Infighting and egos at JCPenney and the CEO of Newell Brands — maker of Sharpie and Crock-Pot — reveals his 2021 growth strategy

Subscribe to Business Insider View in browser

Welcome to the year's first edition of Retail Insider. We've made a New Year's resolution to arrive earlier in your inbox in 2021, so that's why you're receiving this on Thursday. Now that this resolution has been publicly announced, we'll surely stick to it, right?

Is your resolution to subscribe to more newsletters? We can help. If you haven't already subscribed to this one, click here to get me, Gloria Dawson, senior editor of retail, and our associate editor, Danni Santana, in your inbox every week.

This week's edition covers the infighting and egos that almost destroyed JCPenney after the retailer filed for bankruptcy. And we've got an interview with Newell's CEO. Not familiar with Newell? Well, actually, you are. The company owns such brands as Crock-Pot, Mr. Coffee, Sharpie, and Rubbermaid. Behind these commonplace brands is a company that's seen an unusual amount of turmoil.

Inside JCPenney's messy 6-month bankruptcy saga that almost destroyed JCPenney's future. Plus an interview with the judge who presided over it all.  

jcpenney store

When JCPenney filed for Chapter 11 bankruptcy on May 15, the retailer's wild ride was just beginning. Our correspondent Madeline Stone offers a look at the roller-coaster hearings, tense negotiations, and claims of 'emotional distress' that put 60,000 jobs and the storied department store's future on the line.

Also in department store demise news this week: 

How activist board members and an uncomfortable company marriage set Newell up to fail, but the pandemic helped turn things around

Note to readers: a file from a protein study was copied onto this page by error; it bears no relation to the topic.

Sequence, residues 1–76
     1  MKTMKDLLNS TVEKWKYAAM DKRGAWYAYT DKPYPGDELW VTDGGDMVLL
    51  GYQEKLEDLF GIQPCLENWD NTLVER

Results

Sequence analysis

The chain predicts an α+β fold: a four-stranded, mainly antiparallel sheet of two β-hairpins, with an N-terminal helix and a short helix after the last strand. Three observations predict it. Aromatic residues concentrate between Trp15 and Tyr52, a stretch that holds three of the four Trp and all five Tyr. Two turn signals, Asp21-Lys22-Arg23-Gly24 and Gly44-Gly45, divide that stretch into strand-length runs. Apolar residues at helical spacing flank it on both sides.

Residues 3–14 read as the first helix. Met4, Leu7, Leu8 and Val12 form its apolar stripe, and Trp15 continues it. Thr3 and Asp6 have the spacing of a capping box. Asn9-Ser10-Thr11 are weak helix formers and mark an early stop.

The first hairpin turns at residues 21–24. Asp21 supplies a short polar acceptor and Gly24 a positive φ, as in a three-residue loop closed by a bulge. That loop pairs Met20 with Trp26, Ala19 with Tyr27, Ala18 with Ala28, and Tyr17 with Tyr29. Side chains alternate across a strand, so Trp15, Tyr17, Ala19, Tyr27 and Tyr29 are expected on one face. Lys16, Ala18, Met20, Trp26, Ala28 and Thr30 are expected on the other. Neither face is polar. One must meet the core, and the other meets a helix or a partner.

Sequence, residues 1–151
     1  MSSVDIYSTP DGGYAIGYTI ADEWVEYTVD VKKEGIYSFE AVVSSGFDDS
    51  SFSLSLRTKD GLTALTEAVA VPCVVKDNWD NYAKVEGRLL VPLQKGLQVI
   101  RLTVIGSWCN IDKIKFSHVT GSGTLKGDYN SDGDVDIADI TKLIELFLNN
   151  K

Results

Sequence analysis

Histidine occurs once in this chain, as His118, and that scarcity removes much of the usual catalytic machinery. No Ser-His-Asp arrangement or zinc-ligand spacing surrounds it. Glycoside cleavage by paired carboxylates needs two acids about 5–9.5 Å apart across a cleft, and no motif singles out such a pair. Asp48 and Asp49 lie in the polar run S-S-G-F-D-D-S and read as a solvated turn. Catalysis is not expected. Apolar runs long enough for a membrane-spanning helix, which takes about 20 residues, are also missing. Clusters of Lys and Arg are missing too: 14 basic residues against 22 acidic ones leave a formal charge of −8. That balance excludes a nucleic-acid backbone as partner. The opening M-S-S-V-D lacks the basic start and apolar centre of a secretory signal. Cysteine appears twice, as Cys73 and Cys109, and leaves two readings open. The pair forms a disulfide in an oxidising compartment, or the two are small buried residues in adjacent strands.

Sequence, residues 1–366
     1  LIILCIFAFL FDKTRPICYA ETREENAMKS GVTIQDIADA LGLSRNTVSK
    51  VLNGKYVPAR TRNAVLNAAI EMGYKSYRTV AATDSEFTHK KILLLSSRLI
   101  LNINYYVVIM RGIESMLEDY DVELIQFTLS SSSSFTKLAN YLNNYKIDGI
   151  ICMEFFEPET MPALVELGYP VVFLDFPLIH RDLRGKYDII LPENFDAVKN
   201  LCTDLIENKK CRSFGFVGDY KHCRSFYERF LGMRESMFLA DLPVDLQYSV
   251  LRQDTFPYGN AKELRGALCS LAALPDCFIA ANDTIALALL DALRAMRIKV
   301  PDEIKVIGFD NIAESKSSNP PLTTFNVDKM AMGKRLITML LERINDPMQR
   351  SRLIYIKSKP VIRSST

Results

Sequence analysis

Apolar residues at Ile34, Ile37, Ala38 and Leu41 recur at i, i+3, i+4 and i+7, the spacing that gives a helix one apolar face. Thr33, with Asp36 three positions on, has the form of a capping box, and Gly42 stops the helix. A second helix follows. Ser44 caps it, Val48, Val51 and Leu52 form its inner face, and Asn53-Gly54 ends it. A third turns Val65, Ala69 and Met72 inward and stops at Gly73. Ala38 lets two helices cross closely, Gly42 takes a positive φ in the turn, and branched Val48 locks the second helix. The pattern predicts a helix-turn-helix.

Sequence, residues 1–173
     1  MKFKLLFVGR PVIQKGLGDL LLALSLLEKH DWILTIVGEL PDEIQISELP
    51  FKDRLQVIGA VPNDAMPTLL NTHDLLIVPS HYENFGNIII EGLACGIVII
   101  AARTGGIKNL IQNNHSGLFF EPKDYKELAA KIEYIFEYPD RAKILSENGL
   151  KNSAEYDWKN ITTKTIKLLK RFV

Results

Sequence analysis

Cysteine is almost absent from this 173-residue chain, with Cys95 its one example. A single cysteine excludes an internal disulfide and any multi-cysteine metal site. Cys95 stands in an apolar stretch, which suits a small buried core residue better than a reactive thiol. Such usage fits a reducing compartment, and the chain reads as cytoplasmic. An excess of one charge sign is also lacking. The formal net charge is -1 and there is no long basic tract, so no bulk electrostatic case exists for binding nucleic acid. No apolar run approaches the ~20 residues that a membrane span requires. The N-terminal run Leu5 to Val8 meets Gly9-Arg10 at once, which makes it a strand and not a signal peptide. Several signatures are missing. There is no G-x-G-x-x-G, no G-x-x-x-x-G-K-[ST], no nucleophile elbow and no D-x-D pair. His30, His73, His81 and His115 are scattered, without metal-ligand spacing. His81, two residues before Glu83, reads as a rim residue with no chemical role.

newell brands interview ravi saligram 2x1

The CEO spot at Newell Brands was an unenviable position in 2019, writes our senior reporter Alex Bitter. And not just because the company doesn't have a very recognizable name. The brands the company owns are varied and ubiquitous, like Rubbermaid, Sharpie, Yankee Candle, and Oster blenders. But the company's woes — mismatched mergers and ousted execs — are pretty ubiquitous, too. 

CEO Ravi Saligram was brought in to unify the company and his timing was rather perfect. Consumers flocked to the company's name-brand home goods during the pandemic. Now he's hoping to keep sales soaring while continuing to smooth things out with the board. 

Elsewhere in Retail:

Was this email forwarded to you?
Download on the app store   Get it on google play
You received this email because you signed up to this
Business Insider newsletter using the
Email preferences Unsubscribe
1 Liberty Plaza, 8th Floor. New York, NY 10006


Posts les plus consultés de ce blog

Chris Ramsey can take the heat, but what would relegation for QPR mean for black managers in the Premier League?

The Complete App Toolkit For Your Next Budget Travel Adventure

How a team of innovators overcame the odds to create water from thin air